Prevalence of cognitive impairment increases along with aging; for elderly persons, it causes difficulty in ADL and dependence on their family members or caregivers. Cog-nitive decline is also known as an evident risk factor for falling [1], which often results in being bedridden owing to hip fractures and/or other life-threatening conditions. As Lundin-Olsson et al. have long ago advised in a simple and clear manner, “Stop walking when talking” [2], elderly people with dementia are susceptible to fall-ing when they divide their attention between two pro-cesses, which require executive cerebral functions.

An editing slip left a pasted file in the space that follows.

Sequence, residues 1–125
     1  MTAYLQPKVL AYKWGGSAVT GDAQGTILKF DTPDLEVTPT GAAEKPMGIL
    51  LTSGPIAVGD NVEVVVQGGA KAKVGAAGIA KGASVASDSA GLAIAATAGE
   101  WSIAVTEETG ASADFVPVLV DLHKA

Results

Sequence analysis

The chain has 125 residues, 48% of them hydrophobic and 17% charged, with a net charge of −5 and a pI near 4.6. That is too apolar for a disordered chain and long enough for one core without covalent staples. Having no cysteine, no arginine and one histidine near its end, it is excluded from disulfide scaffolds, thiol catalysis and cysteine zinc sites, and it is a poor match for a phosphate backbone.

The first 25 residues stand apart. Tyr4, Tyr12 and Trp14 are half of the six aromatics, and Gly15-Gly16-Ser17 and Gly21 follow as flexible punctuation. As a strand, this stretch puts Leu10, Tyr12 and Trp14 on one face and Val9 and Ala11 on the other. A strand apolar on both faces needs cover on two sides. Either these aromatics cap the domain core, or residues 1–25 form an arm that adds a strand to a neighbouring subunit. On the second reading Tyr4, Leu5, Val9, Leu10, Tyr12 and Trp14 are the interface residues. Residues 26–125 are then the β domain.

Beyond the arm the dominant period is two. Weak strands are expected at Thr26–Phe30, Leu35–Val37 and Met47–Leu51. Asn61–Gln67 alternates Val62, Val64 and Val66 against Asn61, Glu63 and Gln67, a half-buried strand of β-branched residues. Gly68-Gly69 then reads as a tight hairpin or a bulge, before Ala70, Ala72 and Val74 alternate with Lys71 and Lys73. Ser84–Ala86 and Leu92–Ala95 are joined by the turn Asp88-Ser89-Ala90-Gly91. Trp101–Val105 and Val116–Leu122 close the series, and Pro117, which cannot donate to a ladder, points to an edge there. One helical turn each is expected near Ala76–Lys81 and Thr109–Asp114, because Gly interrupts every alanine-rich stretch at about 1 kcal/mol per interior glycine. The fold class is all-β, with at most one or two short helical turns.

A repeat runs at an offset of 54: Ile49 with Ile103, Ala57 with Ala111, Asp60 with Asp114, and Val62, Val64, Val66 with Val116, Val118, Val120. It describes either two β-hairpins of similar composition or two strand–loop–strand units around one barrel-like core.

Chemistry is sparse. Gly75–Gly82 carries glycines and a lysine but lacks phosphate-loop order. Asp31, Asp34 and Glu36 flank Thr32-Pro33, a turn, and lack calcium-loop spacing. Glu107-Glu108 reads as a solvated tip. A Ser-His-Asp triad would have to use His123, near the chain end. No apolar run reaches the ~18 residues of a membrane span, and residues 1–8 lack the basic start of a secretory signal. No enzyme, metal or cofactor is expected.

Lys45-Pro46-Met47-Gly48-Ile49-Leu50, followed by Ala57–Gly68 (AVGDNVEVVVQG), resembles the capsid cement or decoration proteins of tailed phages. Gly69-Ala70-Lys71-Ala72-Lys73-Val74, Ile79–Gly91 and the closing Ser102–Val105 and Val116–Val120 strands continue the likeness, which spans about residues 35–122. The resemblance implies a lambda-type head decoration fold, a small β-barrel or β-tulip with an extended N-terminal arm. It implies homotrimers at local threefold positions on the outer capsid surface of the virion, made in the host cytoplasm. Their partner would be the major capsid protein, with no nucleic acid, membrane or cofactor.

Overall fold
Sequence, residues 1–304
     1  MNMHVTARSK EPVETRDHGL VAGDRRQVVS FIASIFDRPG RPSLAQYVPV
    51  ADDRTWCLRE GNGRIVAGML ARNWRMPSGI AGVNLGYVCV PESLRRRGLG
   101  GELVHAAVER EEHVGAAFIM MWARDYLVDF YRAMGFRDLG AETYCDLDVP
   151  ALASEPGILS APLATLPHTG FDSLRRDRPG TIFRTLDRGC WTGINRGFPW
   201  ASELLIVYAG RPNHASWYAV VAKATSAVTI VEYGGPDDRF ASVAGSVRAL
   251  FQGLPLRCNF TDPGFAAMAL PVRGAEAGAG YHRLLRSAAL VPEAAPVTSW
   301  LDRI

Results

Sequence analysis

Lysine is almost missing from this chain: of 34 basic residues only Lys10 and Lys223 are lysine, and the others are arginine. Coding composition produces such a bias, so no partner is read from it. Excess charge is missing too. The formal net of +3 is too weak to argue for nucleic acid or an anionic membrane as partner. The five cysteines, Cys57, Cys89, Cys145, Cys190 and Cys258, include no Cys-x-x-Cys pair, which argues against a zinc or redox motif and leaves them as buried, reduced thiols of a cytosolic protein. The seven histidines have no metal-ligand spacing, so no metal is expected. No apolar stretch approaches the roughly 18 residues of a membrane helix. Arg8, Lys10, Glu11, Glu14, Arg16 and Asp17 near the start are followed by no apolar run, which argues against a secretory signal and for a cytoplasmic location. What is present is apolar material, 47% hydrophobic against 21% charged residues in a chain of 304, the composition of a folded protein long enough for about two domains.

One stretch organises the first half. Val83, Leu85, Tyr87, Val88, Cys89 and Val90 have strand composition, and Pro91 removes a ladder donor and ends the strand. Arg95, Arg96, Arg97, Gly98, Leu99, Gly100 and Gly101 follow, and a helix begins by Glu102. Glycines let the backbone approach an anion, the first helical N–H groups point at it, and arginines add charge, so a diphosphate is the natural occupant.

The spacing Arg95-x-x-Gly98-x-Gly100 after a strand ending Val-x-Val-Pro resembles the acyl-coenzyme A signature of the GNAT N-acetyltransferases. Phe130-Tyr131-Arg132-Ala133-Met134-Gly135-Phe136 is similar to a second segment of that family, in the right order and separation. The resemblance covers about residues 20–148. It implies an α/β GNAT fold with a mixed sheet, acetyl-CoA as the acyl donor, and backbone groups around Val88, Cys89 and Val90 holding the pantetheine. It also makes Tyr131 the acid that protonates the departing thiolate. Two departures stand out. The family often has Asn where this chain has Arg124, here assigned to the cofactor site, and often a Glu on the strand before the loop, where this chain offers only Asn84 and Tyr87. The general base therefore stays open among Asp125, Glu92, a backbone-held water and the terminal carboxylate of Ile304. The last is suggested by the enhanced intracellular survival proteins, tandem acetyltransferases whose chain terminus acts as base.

Conversely, several observational studies with cogni-tively intact older subjects have to date revealed that high physical activity reduced the incidence of dementia [3, 4]. Furthermore, exercise intervention improves not only the essential physical elements needed to avoid falling, such as balance, muscle strength, and agility, but also cognitive functions, even in the aged individuals at high risk for dementia [5, 6]. For most of these studies, the extent of physical activity was estimated by the time spent on exer-cise. Moreover, in many cases, the modality of exercise was aerobic exercises, such as walking, and the details of the exercise they performed were not considered rele-vant. Therefore, the question of the kinds of exercises that have advantages in improving cognitive functions needs to be resolved. In particular, an evaluation of the effect of dual-task exercise training, which imposes sim-ultaneous motor and cognitive tasks, is necessary because as indicated above, it is probable that dual-task training raises executive functions, including attention, in elderly people.